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The Pyrates
George MacDonald Fraser
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The Pyrates

3.74 of 5 stars 3.74  ·  rating details  ·  924 ratings  ·  63 reviews
The Pyrates is George MacDonald Fraser's tongue-in-cheek homage to the swashbucklers of yore. In these rollicking pages you'll find tall ships and desert islands; impossibly gallant adventurers and glamorous heroines; devilishly sinister cads and ghastly dungeons; improbably acrobatic duels and hair's-breadth escapes; and more plot twists than you can shake a rapier at. A ...more
Hardcover, 405 pages
Published July 12th 1984 by Alfred a Knopf (first published November 17th 1983)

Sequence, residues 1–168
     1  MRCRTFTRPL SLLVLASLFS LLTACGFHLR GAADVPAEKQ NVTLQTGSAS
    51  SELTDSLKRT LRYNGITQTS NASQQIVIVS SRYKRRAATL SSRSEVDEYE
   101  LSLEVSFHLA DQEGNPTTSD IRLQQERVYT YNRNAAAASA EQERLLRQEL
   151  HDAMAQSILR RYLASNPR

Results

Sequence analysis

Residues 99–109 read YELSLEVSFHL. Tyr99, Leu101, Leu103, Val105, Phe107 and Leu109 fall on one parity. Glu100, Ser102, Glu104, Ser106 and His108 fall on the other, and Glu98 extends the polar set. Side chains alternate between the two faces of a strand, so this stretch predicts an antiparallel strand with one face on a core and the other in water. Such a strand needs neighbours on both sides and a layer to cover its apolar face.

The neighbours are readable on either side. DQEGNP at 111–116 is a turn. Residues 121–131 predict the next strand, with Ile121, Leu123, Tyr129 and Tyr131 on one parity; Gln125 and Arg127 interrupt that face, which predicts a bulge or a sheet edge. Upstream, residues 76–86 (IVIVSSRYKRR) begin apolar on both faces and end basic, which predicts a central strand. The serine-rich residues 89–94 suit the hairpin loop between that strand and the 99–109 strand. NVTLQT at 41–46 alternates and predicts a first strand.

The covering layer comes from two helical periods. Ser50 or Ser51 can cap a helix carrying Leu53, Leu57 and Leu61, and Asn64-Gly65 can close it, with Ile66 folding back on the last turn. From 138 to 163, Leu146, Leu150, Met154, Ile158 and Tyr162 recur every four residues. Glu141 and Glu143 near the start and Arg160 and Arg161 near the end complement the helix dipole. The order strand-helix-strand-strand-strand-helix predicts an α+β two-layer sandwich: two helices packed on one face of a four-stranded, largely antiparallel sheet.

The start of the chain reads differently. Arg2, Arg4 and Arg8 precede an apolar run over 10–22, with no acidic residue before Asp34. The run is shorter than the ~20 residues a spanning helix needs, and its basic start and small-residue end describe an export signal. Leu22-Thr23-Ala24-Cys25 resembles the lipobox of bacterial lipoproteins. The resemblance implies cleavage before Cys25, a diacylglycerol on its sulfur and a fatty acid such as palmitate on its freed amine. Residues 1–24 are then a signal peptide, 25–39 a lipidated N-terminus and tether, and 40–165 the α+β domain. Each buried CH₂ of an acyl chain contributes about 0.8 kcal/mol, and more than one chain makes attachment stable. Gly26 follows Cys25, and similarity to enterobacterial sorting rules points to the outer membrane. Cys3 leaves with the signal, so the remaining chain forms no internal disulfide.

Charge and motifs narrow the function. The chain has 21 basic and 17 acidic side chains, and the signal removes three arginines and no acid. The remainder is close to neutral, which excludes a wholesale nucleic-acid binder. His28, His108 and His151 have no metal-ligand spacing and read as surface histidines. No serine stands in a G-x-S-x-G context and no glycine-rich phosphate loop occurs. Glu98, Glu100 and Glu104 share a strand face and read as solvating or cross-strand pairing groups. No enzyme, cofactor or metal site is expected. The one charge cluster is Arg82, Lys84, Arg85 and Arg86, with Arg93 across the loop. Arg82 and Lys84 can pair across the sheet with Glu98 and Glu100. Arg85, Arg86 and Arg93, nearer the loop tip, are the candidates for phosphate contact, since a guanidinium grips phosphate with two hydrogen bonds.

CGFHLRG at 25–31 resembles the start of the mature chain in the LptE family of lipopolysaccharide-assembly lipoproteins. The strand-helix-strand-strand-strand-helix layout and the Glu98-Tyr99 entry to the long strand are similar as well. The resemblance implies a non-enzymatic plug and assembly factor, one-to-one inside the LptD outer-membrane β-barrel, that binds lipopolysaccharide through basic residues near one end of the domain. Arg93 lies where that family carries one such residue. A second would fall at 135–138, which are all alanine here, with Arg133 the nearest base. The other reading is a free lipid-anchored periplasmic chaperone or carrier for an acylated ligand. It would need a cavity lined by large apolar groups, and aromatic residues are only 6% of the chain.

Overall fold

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Dan Schwent
I thought I'd paste in my Dangerous Dan review for this one. We'll see if it gets the appreciation the one for The Gun Fight got.

Dangerous Dan here, back to push you toward stories while he drinks a PBR and pretends to care about things other than women and alcohol.
One of Dangerous Dan's favorite movies as a young lad living in the back room of a whore house was The Princess Bride. When I finally learned how to read (it was before I shaved the first time but not much), I read the book and wanted
Vit Babenco
“One of the great things about pirate ships in the good old days was that they were purpose-built – not for cargoes of crude oil or containers or package tourists, but for knavery and conspiracy and swashbuckling and, in a word, Romance.”
George MacDonald Fraser turned his pirate anecdote into a pulp screenplay deriding both swashbuckling fiction and especially mainstream cinema. Modern pop culture clichés applied to the bloodthirsty but literarily romanticized era of pirates become incredibly ri